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Lighthouse  /

The North Pier lighthouse, located at the end of the harbour’s promontory is one of three that guides water-born vessels into the city’s docks. Built in 1866, this octagonal iron tower has a fog bell on the south side. It is built on flagstaff and bricks, the first port of call before entering the channel known as The Bar. 


The lighthouse’s lamp reflects south towards Breakwater, and onwards to Skate’s Nose and Abercromby Jetty. It beams white and red, four seconds off, two seconds on. In sea fog the lamp changes to yellow. 


Here, a vicious bite runs through the wind. Fishermen once lined the pier’s bulwark, casting baited lines into the storm-chewed waters. Now, this spit is out-of-bounds.   


The old Customs Watch House overlooks marine traffic that travels each day and night. To its right is the neon glow of Cadonas Fun Beach, where an illuminated big wheel, carousels and pirate ships look out across the beach. The esplanade runs along the waterfront from Footdee, where couples stroll on Sunday afternoons, and red-cheeked children eat candy floss as the easterlies blow against their faces.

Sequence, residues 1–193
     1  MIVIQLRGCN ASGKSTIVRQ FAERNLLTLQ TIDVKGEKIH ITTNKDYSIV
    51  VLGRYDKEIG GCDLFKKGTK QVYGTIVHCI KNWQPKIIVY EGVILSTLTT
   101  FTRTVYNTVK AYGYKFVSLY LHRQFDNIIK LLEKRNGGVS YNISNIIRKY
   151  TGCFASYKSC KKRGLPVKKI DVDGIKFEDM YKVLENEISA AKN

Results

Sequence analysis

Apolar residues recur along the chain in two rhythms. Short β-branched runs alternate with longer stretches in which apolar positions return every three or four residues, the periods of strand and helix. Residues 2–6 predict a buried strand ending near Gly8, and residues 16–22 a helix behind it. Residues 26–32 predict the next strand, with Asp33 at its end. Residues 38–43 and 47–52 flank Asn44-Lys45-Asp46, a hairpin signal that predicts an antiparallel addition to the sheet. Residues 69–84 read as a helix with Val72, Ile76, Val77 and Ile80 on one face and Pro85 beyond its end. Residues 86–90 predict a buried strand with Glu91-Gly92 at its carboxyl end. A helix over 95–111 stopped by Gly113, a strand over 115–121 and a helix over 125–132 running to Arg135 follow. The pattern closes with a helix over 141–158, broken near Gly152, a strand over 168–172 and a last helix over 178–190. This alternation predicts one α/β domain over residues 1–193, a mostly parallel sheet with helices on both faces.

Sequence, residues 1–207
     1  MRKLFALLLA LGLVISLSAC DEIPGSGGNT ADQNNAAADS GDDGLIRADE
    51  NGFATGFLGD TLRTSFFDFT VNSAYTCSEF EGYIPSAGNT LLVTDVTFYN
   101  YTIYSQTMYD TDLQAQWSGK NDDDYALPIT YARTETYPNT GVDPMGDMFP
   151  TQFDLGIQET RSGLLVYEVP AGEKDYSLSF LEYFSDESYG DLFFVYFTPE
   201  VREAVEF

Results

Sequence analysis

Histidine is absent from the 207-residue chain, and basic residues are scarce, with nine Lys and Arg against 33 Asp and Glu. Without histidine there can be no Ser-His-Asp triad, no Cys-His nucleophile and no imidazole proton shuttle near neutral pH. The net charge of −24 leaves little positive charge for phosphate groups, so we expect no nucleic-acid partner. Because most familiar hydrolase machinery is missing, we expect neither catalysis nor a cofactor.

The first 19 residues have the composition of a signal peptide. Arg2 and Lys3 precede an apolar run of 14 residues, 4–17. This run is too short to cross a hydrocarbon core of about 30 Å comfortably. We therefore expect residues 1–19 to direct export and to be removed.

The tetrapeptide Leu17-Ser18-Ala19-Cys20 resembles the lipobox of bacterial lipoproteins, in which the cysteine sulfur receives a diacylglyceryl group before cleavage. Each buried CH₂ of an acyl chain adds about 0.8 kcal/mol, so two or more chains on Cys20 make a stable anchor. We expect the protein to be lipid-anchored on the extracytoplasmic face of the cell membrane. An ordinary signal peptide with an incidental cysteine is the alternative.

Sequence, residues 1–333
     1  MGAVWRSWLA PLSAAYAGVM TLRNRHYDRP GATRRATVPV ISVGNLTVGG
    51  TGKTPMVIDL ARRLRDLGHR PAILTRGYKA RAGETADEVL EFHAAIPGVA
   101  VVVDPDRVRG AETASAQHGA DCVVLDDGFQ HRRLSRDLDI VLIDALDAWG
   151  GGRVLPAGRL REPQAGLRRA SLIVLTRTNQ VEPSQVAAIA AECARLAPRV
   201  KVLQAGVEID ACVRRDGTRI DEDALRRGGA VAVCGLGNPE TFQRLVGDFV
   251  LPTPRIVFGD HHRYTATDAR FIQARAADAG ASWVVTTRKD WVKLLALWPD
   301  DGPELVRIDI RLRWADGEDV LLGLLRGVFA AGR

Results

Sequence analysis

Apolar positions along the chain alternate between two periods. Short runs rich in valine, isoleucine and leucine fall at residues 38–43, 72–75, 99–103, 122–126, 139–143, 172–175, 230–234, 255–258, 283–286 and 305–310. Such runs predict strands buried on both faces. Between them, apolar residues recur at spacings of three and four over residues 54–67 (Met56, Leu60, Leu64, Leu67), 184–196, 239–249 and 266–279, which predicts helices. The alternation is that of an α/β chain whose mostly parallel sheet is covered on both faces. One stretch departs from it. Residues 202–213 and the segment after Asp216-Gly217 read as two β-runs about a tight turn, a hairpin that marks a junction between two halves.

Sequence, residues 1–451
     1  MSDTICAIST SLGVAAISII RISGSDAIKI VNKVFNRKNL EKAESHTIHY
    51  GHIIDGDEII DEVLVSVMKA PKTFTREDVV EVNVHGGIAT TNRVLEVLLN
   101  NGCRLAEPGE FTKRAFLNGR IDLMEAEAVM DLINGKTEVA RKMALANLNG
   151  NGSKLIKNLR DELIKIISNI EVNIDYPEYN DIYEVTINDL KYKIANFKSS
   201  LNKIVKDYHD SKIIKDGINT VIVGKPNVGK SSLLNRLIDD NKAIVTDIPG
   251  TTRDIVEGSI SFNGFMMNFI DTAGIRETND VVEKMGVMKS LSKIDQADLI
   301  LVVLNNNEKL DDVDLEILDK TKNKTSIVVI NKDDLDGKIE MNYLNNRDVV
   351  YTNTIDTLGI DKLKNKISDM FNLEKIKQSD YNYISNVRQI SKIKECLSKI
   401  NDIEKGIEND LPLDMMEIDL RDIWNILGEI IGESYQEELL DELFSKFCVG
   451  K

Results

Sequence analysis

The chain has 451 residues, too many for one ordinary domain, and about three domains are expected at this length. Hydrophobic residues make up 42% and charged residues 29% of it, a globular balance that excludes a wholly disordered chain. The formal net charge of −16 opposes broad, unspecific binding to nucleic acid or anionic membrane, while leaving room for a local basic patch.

The vast golden beach stretches along the coastline to the River Don, Blackdog, Meikle Tarty and beyond.


Behind the lighthouse, facing seaward, the North Sea rages in winter and vast cargo ships, ferries and trawlers queue on the horizon awaiting solid ground. Some sail from Long Forties, others from the Devil’s Hole. Ling Bank and Fisher mark the aquatic border, before reaching Stavanger, and the Norwegian lands.   


This project was a collaboration with writer Adelle Stripe who explored the city with me and created the stories and histories that sit alongside the thirteen main images from the exhibition. Secret Cities Aberdeen was part of the SPECTRA Festival of Light 2017 in Aberdeen and commissioned by Curated Place. 

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